The pension contributions actually payable are determined by the individual scheme’s rules. However, for Automatic Enrolment there are minimum contributions that must be paid. The combined 2015 Spending Review and Autumn Statement announced that the previously-legislated increases to Auto-Enrolment minimum contribution rates were to be delayed by 6 months each and ‘aligned to tax years’. This process of increasing minimum contribution rates is known as phasing.
Effective 01 October 2016, two pieces of legislation put these phasing delays on a statutory footing and came into force:
- The Employers’ Duties (Implementation) (Amendment) Regulations 2016 (which amended the Employers’ Duties (Implementation) Regulations 2010 in Great Britain, and
- The Employers’ Duties (Implementation) (Amendment) Regulations (Northern Ireland) 2016 (which amended the Employers’ Duties (Implementation) Regulations (Northern Ireland) 2010)
As such, the statutory phasing position is now as follows:
|Phase||Date||Employer Minimum||Total Minimum|
|1||To 05 April 2018||1%||2%|
|2||06 April ‘18 to 05 April ‘19||2%||5%|
|3||06 April ’19 onwards||3%||8%|
These increases apply to the qualifying earnings that are payable in the Pay Reference Period (PRP) that starts on or after these new phasing dates. Or do they?
In the first instance, therefore, employers will need to be look at their scheme rules to make sure that they will be compliant with the new minimum contributions. If the rules do not allow for minimum contributions, this will render the scheme as non-qualifying.
Then there is the question of when these minimum contributions should actually be reflected in payroll deductions. Currently, this all comes down to your definition of the PRP and there are two main definitions:
- The PRP that is aligned to the period of time for which the worker is paid. For example, a monthly payroll may pay from 01 to 30 April and, therefore, has a PRP reflecting this period of time
- The PRP that is aligned to tax periods. For example, if an employee is paid monthly, the PRP starts on the first day of the tax month and ends on the last day.
The chosen PRP will make a difference as to when the minimum contribution increases are actually effective and reflected in increased contributions. If the employer operates a PRP aligned to the period of time for which the worker is paid, the minimum increases may not actually be effective from the phasing date. Taking the example of a worker paid from 01 to 30 April 2018, the first PRP on or after 06 April 2018 does not commence until 01 May 2018.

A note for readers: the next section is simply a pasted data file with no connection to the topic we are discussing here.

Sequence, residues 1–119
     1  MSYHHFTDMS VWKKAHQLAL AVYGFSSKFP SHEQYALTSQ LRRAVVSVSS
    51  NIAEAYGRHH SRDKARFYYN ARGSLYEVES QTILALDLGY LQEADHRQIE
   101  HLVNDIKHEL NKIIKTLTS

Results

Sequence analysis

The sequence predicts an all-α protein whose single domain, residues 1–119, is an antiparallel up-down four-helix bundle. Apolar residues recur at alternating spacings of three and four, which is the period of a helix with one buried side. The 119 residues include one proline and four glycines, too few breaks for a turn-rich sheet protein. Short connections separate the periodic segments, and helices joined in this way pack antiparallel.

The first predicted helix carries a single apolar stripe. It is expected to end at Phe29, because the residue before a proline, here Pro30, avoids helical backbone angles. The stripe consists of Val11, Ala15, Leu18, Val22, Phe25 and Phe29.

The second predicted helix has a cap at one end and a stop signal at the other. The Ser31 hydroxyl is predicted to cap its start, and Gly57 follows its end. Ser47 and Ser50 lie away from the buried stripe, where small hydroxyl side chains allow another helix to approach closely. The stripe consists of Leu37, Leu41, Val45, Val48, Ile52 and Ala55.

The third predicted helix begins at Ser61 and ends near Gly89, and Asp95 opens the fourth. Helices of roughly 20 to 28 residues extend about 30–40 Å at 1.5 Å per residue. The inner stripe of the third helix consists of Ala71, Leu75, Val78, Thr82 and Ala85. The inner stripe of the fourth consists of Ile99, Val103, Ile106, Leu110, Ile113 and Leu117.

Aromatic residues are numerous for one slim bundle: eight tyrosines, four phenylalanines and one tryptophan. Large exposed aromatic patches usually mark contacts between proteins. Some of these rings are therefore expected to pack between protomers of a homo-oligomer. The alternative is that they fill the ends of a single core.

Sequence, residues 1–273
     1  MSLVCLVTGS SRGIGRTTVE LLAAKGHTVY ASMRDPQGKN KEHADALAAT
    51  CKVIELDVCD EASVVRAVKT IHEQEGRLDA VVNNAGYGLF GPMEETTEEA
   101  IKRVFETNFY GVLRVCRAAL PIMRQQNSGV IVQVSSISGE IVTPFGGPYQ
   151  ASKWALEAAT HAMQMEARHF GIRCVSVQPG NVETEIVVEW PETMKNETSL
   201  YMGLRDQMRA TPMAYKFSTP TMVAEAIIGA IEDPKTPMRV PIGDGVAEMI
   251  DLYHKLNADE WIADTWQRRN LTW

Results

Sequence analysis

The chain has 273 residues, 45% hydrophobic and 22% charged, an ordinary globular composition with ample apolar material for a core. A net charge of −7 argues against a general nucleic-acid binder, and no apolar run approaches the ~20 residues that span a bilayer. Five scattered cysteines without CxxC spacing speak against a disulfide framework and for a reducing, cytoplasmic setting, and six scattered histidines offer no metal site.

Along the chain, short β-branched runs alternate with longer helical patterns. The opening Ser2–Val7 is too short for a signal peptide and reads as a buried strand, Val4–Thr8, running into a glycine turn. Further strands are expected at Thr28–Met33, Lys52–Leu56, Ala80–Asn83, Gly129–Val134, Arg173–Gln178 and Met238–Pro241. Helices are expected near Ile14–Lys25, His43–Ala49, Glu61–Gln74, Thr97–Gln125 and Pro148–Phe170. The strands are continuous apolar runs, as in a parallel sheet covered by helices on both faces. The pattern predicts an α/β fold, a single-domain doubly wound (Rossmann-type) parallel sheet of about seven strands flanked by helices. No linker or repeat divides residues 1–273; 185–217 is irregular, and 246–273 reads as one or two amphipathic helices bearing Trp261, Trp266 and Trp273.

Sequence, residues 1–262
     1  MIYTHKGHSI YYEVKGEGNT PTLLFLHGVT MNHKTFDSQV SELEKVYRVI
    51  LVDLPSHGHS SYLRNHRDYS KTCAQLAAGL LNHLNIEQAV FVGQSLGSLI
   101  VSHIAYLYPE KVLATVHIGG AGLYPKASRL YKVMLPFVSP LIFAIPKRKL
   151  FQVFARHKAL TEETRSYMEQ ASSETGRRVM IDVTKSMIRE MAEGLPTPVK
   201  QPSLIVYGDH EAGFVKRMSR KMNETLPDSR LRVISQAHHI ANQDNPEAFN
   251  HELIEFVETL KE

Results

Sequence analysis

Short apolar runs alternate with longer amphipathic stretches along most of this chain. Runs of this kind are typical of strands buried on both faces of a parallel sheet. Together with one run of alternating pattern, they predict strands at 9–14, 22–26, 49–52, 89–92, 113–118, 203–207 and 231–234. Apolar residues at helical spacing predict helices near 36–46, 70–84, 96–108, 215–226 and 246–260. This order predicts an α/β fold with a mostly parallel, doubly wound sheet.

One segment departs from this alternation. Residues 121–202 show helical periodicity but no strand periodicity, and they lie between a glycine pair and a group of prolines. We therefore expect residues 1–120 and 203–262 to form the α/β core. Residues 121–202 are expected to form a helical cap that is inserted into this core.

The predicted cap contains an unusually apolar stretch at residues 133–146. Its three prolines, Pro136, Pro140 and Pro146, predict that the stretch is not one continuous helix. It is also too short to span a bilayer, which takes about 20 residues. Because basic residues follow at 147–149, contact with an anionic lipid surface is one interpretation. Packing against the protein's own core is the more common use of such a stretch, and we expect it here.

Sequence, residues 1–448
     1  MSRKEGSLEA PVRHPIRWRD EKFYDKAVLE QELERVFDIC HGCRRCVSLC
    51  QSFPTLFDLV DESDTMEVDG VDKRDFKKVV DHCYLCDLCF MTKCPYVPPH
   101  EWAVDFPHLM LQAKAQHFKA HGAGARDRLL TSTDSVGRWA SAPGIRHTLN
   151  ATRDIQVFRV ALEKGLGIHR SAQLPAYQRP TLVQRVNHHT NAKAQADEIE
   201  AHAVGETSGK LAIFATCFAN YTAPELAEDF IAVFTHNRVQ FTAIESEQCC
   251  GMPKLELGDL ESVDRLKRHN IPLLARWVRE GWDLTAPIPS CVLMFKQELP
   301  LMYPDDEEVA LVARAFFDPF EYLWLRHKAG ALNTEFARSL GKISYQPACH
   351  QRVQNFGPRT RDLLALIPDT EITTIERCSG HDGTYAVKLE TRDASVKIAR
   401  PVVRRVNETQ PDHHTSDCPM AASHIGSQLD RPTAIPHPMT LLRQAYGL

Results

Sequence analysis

As stated above, the rules of the pension scheme itself dictate the actual deductions that are made, always remembering the legislative Auto-Enrolment minimum contributions requirement. So, say that the employer operates a PRP that is aligned to the period of time for which the worker is paid and this is 01 to 30 April 2018. The legislative position is that total minimum contributions must be 2% for this PRP, increasing to a total of 5% in the PRP that commences 01 May 2018.
However, it could be that the pension scheme rules say that contributions must be deducted at 2% up to an including 05 April 2018 and 5% from 06 April. The pension scheme rules override the statutory minimum contributions.
It is vitally important that employers check their scheme rules to see if proration of contributions will be required. So:
- Auto-Enrolment defines the minimum contributions that must be paid, though
- Individual pension scheme rules determine how that minimum contribution requirement is met
This is going to be very confusing.
The pension legislation says one thing, scheme rules are another consideration and payroll software may do a mixture of both. The implications of phasing on employers, workers and software needs to be realised, discussed and clarified.
Watch this space!
Aside from the fact that we are not sure how this is actually going to work, is the delay to minimum contributions a good thing in the first place?
Successive Governments have encouraged us to save for our retirement. As a result of the phasing delay, on the one hand, workers have to wait to see the benefits of increased contributions in their pension pots.
However, on the other, this phasing delay does seem to achieve the Government’s intention which is to ‘simplify the administration of automatic enrolment for the smallest employers in particular’. Employers may feel a relief that future increased pension costs are delayed.
Plus, the delay does bring benefits for the Government and their own documents outline how this will save £390 million in 2017/18 and £450 million in 2018/19 simply, as a result of tax relief on contributions being lower.
Taking both hands together, the whole picture is a confusing one and is a measure that is in contrast to the Government’s message about saving for retirement. The obvious question is whether this could impact State Pension ages in the future or, at least, mean that we are going to have to work longer before we are able to afford to retire.